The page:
Breast augmentation is a leading body contouring procedure praised for its ability to enhance the size, shape, and symmetry of the breasts using carefully-selected breast implants. These medical devices are made using saline or silicone gel, which is an important choice associated with the final outcome of the procedure. Another detail that patients must consider, and one that also affects the appearance of the breasts, is the placement of the selected implants. The options are to place the implants beneath the breast tissue (subglandular) or beneath the pectoral muscle (submuscular). Here, we discuss each option so that you come to your consultation with the best possible information at hand.
Subglandular breast implant placement is done beneath the mammary gland and the breast mound but over the pectoralis major muscle. Aesthetically, the subglandular placement may be more pleasing to some people. This is because situating the implant in what is called the retromammary space aligns very closely with the natural expansion of the breasts. When the breasts grow larger naturally, the fatty tissue is all above the pectoralis muscle. So, in this way, it makes a lot of sense to place a breast implant above the muscle rather than beneath it. However, we must also remember that breast implants are not exact replicas of natural breast fat. While the subglandular placement may be optimal for creating more cleavage, there are disadvantages that may outweigh that singular reward. Because breast implants are not replicas of natural fatty breast tissue, the appearance created by subglandular placement may seem to be unnaturally round for some patients. Something to keep in mind about the issue of appearance is that this is highly subjective. The best way to discern which placement you may prefer on an aesthetic level is to look at Before and After images. Despite the benefit of being less invasive and more aesthetically organic, subglandular breast implant placement is not the preferred method of most plastic surgeons. According to data, this placement has a higher risk of unpleasant side effects. For example, saline breast implants that are placed above the pectoralis muscle may create a rippling effect that is seen through the skin. Studies also indicate that there is about a 30% incidence of capsular contracture with subglandular breast implants. The incidence of this complication is only 10% with submuscular placement.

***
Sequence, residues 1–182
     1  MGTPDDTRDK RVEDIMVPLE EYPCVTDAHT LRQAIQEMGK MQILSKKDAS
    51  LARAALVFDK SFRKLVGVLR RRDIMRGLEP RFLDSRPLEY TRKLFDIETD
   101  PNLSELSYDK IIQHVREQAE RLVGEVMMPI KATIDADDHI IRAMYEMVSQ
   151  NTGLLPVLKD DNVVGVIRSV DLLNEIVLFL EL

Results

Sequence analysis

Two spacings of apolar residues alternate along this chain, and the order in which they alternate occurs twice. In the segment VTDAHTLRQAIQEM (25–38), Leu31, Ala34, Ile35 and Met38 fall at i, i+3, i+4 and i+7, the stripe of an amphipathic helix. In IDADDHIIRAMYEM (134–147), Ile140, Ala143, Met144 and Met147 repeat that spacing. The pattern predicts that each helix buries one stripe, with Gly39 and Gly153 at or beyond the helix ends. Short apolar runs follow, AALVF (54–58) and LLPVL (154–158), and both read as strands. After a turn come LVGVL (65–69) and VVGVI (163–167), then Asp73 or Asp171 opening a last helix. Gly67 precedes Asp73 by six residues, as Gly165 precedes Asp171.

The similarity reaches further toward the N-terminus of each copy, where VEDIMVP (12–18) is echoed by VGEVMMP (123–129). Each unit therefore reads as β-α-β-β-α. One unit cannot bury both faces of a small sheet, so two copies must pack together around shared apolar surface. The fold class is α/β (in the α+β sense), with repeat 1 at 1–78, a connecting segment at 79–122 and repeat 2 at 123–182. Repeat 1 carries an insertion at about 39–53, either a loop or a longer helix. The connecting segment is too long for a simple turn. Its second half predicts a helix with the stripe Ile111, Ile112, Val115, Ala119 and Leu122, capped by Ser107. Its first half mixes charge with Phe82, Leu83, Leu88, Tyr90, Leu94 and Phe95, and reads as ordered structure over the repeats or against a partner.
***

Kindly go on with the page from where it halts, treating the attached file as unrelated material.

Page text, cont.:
Submuscular Placement The majority of breast implants are placed beneath the pectoralis major muscle and above the pectoralis minor muscle. To fully cover the implant, the surgeon may resuture the pectoral muscle after insertion. This technique is believed to reduce the chances of capsular contracture. Beneath the muscle, the breast implant is far less likely to create any visible rippling and is also less likely to “bottom out. “Bottoming out” is the complication in which the breast implant falls below the nipple. While breast implants first appear higher on the chest wall after submuscular placement, it takes only a matter of weeks for the tissue to settle around them, allowing them to relax into a beautiful, natural-looking position. Placing breast implants beneath the pectoral muscle carries fewer risks for complications but the procedure itself does usually take longer than subglandular placement. It may take slightly longer to recover from breast augmentation in which the implants are placed under the muscle, as well, but patients are typically ready to go back to work within a two-week period. Patients whose jobs are more physically demanding may need to arrange more time off to allow the muscle to heal completely.
Breast augmentation surgery requires a lot of thought and decision-making during the consultation and planning phases of care. Dr. Walden is proud to have Dr. Atencio as a member of our team. Her training and experience as a breast surgery specialist are coupled with a kind and caring attitude that puts our patients at ease. If you would like to learn more about breast augmentation, contact our Austin office at 512.328.4100 to schedule a consultation.